ARTICLE | doi:10.20944/preprints202208.0132.v1
Subject: Life Sciences, Microbiology Keywords: civil science; antibiotic producers screening; actinomycetes; reporter systems; chartreusin; pikromycin
Online: 8 August 2022 (05:27:03 CEST)
Since streptomycin discovery, actinomycetes were the main source for new antibiotics, but after the Golden age (1950-1960th) the discovery rate significantly decreased. The high probability to rediscover well-known antibiotics led to a reduction in interest in soil bacteria as a source for new antibiotics. At the same time, actinomycetes remain a very promising reservoir for searching for new active molecules. In this work, we present several reporters containing eye-visible fluorescent protein genes, which can be used to increase the efficiency of determining the mechanism of antibiotics at the very initial stage of screening. Presented reporters and the following pipeline were optimized given the involvement of citizen scientists without specialized skills and equipment in order to utilize the reservoir of soil bacteria in the search for new antibiotic producers. The combination of mechanism-based approaches and civil science has proved its effectiveness in practice revealing a significant increase in the screening rate. Two new strains Streptomyces sp. KB-1 and BV113 were found to produce antibiotics pikromycin and chartreusin, respectively, demonstrating the efficiency of the pipeline.
ARTICLE | doi:10.20944/preprints202104.0026.v1
Subject: Life Sciences, Biochemistry Keywords: chloramphenicol; alkyl(triphenyl)phosphonium; bacterial ribosome; molecular dynamics simulations; antibiotic activity; antiproliferative activity
Online: 1 April 2021 (14:38:19 CEST)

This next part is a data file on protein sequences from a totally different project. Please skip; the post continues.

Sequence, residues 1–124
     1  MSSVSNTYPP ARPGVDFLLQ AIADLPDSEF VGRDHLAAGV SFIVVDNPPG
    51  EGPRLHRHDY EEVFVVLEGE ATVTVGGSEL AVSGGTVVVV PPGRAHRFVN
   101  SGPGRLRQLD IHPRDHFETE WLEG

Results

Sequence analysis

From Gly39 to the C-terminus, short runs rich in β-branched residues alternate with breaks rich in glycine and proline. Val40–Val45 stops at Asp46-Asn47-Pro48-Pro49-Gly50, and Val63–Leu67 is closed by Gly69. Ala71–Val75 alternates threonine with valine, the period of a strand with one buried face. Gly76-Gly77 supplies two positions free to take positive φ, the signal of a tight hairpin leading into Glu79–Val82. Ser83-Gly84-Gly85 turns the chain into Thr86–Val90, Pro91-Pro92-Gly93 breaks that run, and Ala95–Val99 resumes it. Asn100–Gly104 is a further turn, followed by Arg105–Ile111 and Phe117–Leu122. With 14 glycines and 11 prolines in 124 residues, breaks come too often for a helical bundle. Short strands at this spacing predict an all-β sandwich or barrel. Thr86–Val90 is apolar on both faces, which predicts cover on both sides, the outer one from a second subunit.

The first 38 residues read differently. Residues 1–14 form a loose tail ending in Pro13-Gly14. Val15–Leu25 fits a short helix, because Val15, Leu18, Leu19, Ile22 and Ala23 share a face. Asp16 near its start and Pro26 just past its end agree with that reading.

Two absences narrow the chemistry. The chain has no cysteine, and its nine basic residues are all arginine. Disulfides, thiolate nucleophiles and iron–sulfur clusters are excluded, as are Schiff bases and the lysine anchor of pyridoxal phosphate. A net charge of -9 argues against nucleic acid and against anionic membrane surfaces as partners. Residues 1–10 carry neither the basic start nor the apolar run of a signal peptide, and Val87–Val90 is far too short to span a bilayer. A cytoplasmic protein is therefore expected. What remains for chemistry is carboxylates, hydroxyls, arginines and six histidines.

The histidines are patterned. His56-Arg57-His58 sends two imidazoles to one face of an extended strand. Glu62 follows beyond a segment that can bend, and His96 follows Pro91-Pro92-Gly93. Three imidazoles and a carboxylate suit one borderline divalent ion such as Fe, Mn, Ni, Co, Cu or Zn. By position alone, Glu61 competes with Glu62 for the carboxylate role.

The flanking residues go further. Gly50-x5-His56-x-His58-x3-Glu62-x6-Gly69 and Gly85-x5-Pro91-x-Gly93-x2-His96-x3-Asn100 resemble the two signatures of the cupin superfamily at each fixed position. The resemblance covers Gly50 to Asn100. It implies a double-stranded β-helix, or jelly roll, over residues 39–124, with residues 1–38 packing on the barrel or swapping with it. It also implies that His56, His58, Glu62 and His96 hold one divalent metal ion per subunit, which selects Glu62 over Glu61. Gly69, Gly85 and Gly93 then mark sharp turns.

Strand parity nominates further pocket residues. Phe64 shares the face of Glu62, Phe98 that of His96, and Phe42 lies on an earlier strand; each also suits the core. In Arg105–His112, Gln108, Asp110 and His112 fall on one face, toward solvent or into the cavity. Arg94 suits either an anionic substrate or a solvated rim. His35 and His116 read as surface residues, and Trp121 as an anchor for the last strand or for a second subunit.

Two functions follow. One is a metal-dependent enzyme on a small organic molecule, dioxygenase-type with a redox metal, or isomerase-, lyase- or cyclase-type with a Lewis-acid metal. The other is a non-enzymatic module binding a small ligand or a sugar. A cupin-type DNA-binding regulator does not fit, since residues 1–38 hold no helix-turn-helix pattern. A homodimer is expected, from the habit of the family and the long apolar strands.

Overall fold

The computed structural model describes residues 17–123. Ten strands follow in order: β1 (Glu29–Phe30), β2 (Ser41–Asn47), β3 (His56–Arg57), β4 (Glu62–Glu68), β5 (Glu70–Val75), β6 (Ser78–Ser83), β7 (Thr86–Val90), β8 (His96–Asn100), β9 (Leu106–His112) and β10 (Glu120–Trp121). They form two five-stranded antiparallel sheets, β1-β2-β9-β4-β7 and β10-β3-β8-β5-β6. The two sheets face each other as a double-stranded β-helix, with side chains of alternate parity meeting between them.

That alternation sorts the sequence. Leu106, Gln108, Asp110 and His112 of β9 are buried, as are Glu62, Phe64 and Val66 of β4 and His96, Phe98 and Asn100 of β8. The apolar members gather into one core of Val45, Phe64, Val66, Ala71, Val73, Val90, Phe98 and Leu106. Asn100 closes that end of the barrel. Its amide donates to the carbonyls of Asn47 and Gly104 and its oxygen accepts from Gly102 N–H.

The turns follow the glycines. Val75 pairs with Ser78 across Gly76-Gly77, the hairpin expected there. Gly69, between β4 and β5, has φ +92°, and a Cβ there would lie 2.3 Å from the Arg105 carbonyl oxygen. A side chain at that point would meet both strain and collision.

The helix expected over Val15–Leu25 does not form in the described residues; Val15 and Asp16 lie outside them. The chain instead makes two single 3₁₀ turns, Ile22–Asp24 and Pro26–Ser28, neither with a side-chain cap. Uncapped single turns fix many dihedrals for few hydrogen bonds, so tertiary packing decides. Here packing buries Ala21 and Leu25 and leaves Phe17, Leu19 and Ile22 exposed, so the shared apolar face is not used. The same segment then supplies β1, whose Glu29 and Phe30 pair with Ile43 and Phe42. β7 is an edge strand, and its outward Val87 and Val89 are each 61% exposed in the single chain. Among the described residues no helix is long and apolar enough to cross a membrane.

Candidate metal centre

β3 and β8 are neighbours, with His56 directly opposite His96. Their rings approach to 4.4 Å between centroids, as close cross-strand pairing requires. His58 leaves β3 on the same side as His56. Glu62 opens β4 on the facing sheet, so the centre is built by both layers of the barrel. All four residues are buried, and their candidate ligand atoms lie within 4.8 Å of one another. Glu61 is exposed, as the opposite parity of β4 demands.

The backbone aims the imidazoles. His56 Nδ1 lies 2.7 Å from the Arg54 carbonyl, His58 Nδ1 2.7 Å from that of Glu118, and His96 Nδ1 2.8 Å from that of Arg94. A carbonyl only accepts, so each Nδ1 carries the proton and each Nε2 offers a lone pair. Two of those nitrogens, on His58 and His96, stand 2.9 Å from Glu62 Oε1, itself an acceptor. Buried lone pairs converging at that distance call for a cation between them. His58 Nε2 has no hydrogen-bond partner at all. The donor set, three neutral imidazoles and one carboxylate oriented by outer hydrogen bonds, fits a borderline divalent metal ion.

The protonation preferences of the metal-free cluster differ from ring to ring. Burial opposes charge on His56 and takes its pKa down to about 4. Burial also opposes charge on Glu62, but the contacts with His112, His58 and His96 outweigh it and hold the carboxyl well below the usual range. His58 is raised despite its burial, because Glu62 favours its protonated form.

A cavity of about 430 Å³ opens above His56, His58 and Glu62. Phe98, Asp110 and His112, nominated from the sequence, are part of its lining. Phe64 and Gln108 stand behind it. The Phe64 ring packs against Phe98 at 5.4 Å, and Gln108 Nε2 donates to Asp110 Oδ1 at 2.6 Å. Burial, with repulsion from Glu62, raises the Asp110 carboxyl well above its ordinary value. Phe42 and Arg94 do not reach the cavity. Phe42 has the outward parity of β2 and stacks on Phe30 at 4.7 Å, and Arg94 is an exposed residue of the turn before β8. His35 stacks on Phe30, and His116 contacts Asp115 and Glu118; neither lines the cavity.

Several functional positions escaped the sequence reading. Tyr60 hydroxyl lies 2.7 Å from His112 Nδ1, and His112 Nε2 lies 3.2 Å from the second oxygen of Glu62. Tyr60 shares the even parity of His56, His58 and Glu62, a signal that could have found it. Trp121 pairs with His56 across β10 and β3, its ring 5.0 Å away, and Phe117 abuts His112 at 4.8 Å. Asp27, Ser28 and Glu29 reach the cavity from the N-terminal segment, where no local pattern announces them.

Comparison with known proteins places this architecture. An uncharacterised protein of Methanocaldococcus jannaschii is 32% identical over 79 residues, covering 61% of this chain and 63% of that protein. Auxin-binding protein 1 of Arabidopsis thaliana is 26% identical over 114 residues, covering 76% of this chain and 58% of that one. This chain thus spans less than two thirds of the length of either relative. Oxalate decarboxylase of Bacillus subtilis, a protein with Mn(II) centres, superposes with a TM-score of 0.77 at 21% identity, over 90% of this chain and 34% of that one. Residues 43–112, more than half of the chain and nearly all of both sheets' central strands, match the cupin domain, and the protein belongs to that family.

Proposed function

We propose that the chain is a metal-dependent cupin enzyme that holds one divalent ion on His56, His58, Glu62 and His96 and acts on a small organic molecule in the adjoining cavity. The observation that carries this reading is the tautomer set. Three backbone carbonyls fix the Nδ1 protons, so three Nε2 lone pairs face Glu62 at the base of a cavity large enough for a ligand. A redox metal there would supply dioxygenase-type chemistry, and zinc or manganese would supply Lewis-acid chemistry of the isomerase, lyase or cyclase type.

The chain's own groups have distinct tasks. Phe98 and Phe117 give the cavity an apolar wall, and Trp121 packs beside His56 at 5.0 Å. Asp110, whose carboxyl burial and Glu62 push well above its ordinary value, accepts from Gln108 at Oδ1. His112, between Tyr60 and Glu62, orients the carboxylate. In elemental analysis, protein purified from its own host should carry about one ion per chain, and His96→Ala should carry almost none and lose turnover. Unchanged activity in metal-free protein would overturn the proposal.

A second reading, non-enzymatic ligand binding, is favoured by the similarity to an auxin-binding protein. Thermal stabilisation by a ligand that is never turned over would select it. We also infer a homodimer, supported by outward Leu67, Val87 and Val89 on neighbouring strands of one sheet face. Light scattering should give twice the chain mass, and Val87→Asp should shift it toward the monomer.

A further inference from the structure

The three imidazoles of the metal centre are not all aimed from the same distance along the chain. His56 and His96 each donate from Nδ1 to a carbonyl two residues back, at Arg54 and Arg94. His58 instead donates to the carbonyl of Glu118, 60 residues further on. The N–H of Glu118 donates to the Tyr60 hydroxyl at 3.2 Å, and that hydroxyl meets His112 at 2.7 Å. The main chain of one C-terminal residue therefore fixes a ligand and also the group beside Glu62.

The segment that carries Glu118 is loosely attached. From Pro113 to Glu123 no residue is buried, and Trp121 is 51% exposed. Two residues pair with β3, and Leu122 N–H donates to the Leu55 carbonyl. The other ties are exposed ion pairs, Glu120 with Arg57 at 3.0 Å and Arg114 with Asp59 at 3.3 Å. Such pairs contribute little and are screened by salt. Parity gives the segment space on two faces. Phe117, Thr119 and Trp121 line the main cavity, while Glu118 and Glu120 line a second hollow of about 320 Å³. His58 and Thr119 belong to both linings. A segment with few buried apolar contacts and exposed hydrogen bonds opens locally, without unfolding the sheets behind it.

In the current work, in continuation of our recent research  we synthesized and studied new chimeric compounds comprising the ribosome-targeting antibiotic chloramphenicol (CHL) and the membrane-penetrating cation triphenylphosphonium (TPP) connected by alkyl linkers of different lengths. Using various biochemical assays, we showed that these CAM-Cn-TPP compounds bind to the bacterial ribosome, inhibit protein synthesis in vitro and in vivo in a way similar to that of the parent CHL, and significantly decrease membrane potential. Similar to CAM-C4-TPP, the mode of action of CAM-C10-TPP and CAM-C14-TPP on bacterial ribosomes differ from that of CHL. By simulating the dynamics of complexes of CAM-Cn-TPP with bacterial ribosomes, we have proposed a possible explanation for the specificity of the action of these analogs on the translation process. CAM-C10-TPP and CAM-C14-TPP stronger inhibit the growth of the Gram-positive bacteria in comparison to the CHL and suppress some strains of CHL-resistant bacteria. Thus, we have shown that TPP derivatives of CHL are dual-acting compounds that target the ribosomes and the cellular membranes of bacteria. The TPP fragment of CAM-Cn-TPP compounds contributes to the inhibitory effect on bacteria. Moreover, since the mitochondria of eukaryotic cells have qualities similar to those of their prokaryotic ancestors, we demonstrate the possibility of targeting chemoresistant cancer cells with these compounds.